The G7 has clearly shown that it is not good at planning ahead. Sure, they may have heard of the worst case climate scenarios and some may even have gamed out impacts from various scenarios, but they are far from dealing with it effectively. Many are banking on mitigation strategies to curb emissions to stay within 2°C; hoping that where we are actually heading – 3-5°C – will never happen.
It’s not just the G7, none of us are prepared for climate change… but will we wake up?
BTW, 3-5°C puts us squarely in the worst case climate scenario – the WEF’s Global Risks Report has ominously warned that we are “most clearly sleepwalking into catastrophe.”
So will we now wake up?
Does the G7 have the stomach for tough action on climate?
Proper planning and preparations may need tough action and one that could see governments lose elections. Look what happened in France last year when Macron tried to implement a fuel tax to help curb carbon emissions. Violent protests erupted and the “yellow vest” movement was born.
Worse still, stellar efforts around the world could be wiped out as one of the world’s top emitters, the US has simply decided not to participate. I suppose we should not be surprised – shirking responsibility to actively curb emissions by pulling out of the Paris Agreement is strikingly similar to what’s happening now – no contact tracing to curb the spread of COVID-19.
Asia will bear the brunt of climate impacts … most of our capitals are by the sea – so why are we leaving it to the G7?
The chances that the G7 will beat a path out of the imminent climate crisis are low. So why are we in Asia leaving our future to the G7? Especially when we will bear the brunt of impacts through increasing water scarcity and sea level rise despite lower per capita emissions. Most of Asia’s capitals Tokyo, Seoul, Jakarta, Bangkok and Ho Chi Minh to name a few are all by the sea.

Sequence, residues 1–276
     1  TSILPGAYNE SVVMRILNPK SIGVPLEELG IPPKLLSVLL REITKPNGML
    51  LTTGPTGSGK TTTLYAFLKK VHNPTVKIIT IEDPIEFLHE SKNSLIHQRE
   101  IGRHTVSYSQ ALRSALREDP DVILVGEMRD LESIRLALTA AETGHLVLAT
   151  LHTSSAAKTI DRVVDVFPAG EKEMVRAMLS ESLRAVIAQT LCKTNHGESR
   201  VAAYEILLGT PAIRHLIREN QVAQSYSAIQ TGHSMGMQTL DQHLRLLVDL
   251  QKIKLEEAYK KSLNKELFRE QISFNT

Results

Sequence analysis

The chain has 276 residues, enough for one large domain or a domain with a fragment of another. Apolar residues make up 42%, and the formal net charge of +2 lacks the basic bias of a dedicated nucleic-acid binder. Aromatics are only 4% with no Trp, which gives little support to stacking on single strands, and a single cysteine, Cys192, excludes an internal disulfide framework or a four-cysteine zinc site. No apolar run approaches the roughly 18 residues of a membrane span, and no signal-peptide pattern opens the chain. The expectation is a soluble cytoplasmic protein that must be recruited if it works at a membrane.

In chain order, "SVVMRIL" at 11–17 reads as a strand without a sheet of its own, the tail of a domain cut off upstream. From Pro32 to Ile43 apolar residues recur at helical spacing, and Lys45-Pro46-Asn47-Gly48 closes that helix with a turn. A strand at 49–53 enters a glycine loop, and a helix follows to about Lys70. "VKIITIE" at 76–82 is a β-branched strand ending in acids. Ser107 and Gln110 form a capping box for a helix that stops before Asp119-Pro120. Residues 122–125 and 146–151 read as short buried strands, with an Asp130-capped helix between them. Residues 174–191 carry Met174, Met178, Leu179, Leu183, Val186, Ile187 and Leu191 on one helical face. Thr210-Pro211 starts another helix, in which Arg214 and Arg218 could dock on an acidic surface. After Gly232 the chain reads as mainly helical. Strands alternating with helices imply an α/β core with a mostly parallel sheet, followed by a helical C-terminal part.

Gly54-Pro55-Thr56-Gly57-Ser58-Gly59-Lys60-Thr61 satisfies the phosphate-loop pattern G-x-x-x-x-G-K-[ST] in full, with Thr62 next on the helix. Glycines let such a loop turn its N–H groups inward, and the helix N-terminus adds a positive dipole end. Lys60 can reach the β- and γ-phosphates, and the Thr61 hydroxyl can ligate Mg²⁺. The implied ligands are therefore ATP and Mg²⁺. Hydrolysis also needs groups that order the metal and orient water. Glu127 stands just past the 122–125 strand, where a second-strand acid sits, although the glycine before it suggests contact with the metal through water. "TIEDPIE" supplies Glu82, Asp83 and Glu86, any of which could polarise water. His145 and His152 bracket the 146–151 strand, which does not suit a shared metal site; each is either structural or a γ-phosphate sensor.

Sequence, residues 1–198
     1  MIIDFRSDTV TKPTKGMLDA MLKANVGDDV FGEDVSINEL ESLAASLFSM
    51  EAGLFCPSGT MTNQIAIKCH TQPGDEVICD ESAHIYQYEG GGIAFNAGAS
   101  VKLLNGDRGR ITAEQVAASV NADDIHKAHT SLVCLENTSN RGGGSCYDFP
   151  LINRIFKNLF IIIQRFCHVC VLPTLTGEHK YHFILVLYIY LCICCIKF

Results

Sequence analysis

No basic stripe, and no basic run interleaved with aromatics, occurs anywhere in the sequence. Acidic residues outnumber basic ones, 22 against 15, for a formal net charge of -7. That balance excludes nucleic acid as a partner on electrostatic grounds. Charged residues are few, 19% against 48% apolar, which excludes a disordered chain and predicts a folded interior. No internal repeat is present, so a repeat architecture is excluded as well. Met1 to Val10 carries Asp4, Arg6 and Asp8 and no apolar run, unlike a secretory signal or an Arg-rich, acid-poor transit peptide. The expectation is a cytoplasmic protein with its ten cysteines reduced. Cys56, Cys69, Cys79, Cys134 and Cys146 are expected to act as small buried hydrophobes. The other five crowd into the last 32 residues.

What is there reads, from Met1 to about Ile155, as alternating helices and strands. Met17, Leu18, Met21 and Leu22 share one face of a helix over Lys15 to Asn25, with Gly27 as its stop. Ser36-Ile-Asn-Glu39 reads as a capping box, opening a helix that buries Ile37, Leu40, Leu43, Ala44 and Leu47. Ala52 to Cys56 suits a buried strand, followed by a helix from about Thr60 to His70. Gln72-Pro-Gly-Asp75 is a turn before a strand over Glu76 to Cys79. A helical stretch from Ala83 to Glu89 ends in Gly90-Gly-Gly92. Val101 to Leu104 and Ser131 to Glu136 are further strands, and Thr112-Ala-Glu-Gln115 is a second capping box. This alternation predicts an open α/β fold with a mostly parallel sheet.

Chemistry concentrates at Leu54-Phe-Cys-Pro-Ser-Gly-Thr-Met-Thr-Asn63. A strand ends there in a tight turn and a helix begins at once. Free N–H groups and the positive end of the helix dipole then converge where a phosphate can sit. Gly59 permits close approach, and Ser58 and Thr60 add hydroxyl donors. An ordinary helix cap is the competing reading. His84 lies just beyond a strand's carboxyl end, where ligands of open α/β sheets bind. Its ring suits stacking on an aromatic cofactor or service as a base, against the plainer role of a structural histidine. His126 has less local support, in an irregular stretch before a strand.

Asia, it’s time to step up and lead …
Surely, we should take charge and decide what to do to save ourselves and the planet? After all, we do seem to be better at planning ahead. Already, a recent survey showed that while 71% of participants around the world agreed that climate change is as serious as COVID-19; China came out tops with 87%.
But it’s not about East vs. West. It is also not about capitalism/democracy vs. socialism/communism – there are plenty of democratic countries that have managed to fight the virus with more success. It’s about putting people first. The countries that are doing this need to step up – they need to lead the global fight against our climate crises. Yet none of these are doing a good job at the moment; they have left it to the G7.
Stop blaming the West, tycoons take responsibility …
We have to stop pinning our hopes on the G7 to lead us out of the climate crisis. Asians also need to stop blaming the West for the climate change – while the US and EU accounted for 30% of global GHG emissions between 1998-2015; China and India accounted for almost quarter. Sure, China and India have roughly 37% of global population compared to US and EU’s share of less than 10%, but Asian cities are catching up.
By 2016, per capita emissions in Hong Kong and Tokyo are 21% and 8.5% higher than that of London’s, but around 18% and 31% less than that of New York’s respectively. Shockingly, Singapore’s per capita emissions are 42% more than that of New York.
Tycoons – what’s the point of building empires that will kill your grandchildren?
Find out if your assets are at risk
We, in Asia, need to step up – not just our governments but bankers and business leaders too. Tycoons, think about it – what’s the point of building empires and amassing wealth to pass to your children and your children’s children when that process itself could be killing their future. It’s time to find out if your capital is at risk; start searching for green unicorns; and ESG prep to avoid doomsday.
It’s not about creating a new world order; it’s about getting sh!t done – actually putting realistic place plans into place to save all of us; not just talking about it. We only have one planet, let’s not kill it.